Building the Tout Terrain Brand and Bikes
Tout Terrain builds bicycles to cross continents or circumnavigating the globe. Development and production takes place in an inconspicuous, industrial building from 1970s in Gundelfingen, a small town abutting the north of Freiburg in the Black Forest of Southern Germany. While the building may be older, what’s inside is cutting edge. The Black Forest region is a hub of German bicycle innovation in research, development, and manufacturing. Of these local innovations, one was Tout Terrain’s frame design with integrated rear racks, and another was the brand becoming the first manufacturer to spec the Gates Carbon Drive® belt as standard equipment. These features required a splittable and particularly precise frame. Other innovations came in the form of framesets which integrate the Pinion gearbox, with its impressive 636 percent gear range. This found its way into a production bicycle for the first time under the Tout Terrain roof. For the brand, even simple things must be done very, very well. Every detail from steel to spoke, is carefully scrutinized.
Tout Terrain's history in Touring Bikes
“For us, rider input is invaluable, and we put their wishes first,” explains Oliver Römer, discussing the Tout Terrain approach to products and service which was developed together with Stephanie Römer. “This is why we like to talk with long-standing customers and listen carefully when they talk about their perfect bike.” Stephanie shows one of the prototypes models: “Even our test bicycles are ready to ride. They have been well tested, and because of the feedback we get, we know what needs improvement.” In the end, the high standards and low maintenance of the bikes allow riders to plot courses freely between countries rather than riding from bike shop to bike shop. “Our prototypes have to be perfect for us first, then they proceed to lab for testing to ensure they meed the highest technical standards. An example of our focus: our expedition series steel comes from the Italian tubing manufacturer Dedacciai, which is absolutely the best material for this application.“ Explains Oliver. “All of the raw frames you see in our workshop that are waiting to be painted are fabricated and welded by same specialized family firm in Taiwan.“ There is also a lot of in-house quality control: “No bicycle leaves our hands without undergoing thorough series of checks performed throughout the build process.“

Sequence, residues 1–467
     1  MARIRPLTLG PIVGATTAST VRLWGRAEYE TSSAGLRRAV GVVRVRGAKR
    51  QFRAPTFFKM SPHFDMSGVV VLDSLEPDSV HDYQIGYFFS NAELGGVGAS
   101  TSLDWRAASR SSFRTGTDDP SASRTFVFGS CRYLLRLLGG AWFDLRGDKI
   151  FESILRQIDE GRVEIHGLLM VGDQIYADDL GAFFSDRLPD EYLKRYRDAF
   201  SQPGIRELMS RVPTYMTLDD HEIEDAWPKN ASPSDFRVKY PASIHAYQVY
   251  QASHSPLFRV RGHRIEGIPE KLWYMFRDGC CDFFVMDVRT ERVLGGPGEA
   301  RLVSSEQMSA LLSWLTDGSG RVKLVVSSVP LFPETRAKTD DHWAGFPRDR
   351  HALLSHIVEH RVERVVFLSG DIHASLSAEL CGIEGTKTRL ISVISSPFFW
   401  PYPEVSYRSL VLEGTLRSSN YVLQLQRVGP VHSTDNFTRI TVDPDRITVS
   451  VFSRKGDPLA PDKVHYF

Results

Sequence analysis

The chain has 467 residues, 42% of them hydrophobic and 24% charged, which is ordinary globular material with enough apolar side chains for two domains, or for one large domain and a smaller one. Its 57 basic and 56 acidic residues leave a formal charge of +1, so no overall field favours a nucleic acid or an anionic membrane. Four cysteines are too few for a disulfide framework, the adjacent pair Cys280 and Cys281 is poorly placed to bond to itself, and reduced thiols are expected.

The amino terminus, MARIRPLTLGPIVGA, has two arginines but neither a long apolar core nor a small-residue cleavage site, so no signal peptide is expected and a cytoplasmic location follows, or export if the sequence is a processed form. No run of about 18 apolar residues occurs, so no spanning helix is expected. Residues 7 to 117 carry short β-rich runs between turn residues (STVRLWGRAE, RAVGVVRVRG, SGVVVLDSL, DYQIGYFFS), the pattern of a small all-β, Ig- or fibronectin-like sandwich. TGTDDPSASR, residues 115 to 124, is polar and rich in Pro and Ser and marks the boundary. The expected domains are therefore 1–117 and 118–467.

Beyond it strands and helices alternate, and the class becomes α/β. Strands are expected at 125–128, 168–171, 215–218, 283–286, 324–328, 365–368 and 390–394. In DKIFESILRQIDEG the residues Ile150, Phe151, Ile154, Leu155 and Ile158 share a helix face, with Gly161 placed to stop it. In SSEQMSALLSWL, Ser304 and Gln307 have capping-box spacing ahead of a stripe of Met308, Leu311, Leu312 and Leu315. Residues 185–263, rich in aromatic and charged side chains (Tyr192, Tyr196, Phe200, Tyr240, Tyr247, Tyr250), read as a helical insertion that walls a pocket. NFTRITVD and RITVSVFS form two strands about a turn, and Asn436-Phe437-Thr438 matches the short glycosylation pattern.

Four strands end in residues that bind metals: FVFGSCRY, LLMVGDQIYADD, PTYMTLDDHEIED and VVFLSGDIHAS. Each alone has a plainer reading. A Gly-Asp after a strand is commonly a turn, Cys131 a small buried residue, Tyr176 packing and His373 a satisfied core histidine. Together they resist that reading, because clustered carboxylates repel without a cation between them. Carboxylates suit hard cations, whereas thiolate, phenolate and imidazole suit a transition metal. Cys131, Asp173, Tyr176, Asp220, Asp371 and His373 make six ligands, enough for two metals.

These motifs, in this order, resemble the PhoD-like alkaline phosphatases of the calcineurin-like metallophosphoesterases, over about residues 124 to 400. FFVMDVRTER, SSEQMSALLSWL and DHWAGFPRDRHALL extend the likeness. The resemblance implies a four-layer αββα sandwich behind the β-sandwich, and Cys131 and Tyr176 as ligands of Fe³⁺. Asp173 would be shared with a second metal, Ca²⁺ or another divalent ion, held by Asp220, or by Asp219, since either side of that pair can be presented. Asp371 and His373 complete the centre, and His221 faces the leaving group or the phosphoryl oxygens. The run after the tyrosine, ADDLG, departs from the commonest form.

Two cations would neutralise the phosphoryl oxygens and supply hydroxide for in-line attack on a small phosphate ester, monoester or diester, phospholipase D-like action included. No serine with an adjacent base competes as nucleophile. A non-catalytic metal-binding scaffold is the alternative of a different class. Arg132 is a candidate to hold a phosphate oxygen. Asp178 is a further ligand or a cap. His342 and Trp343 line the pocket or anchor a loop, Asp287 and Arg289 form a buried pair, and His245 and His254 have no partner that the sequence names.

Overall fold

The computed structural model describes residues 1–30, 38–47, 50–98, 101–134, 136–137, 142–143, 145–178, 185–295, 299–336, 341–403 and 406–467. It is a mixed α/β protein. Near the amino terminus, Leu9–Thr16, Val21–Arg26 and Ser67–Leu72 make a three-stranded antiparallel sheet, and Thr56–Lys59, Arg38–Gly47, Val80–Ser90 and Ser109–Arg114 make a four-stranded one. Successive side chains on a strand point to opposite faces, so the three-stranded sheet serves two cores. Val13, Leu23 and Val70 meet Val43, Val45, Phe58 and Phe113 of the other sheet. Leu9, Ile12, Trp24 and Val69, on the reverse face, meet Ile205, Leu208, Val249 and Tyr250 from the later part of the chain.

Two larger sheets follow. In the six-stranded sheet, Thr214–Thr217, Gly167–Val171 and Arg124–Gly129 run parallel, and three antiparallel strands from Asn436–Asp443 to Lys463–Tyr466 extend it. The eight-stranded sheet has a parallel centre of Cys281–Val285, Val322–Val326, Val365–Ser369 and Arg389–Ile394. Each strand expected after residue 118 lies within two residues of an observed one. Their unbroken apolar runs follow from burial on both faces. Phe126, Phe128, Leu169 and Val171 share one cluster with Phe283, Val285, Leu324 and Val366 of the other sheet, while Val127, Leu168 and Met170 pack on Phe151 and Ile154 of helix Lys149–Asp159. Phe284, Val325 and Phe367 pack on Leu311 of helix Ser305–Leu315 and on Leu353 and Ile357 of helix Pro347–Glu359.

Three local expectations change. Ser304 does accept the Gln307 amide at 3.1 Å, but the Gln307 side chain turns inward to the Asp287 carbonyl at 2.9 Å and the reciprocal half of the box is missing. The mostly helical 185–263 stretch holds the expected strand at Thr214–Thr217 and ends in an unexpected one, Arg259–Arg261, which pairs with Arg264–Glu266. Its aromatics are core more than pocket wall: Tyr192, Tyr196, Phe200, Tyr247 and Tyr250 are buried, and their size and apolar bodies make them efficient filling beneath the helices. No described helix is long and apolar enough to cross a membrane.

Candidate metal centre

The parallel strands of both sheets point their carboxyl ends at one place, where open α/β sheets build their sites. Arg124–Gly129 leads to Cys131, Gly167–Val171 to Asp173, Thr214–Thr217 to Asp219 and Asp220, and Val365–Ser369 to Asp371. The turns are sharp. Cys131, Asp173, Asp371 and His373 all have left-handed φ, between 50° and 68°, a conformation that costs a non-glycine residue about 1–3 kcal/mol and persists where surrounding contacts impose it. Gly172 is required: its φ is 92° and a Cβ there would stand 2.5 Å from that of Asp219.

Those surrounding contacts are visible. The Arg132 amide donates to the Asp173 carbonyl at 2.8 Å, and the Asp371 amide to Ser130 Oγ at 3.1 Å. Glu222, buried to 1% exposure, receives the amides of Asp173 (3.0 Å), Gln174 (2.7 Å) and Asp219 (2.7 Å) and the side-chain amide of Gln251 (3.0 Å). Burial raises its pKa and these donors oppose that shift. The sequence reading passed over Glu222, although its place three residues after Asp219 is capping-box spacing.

Building Bikes in Germany
It may be self-evident that many members of the Tout Terrain‘s team are bike-geeks. There is true devotion from everyone in the build process from frame painting, and wheel building to the fine adjustment of headsets and shift cables. “Every single team member is strong in his job, but only as a team are we perfect,” says Stephanie as she explains the working atmosphere. “This is the only way to create something special: a long-lasting, high-quality, safe, and thoughtful two-wheeled companion.“ Most of the team members have a Tout Terrain bike, and commute to work by bicycle. Cycling is the greenest form of transportation after all, but at Tout Terrain environmental responsibility is taken a few steps further. Stephanie cites the example of the farm-to-table fruit crate, which is delivered weekly to the manufactory, encouraging healthy attitudes and supporting local farmers, reducing plastic waste and transportation emissions. “Our shipping department reuses packaging materials whenever they can,“ Oliver adds. Because Tout Terrain bicycles are designed to last a lifetime, the frames are well-protected. The environmentally conscious in-house powder coating facility lets the finishing team apply three coats of paint on every bicycle with utmost care and attention to detail.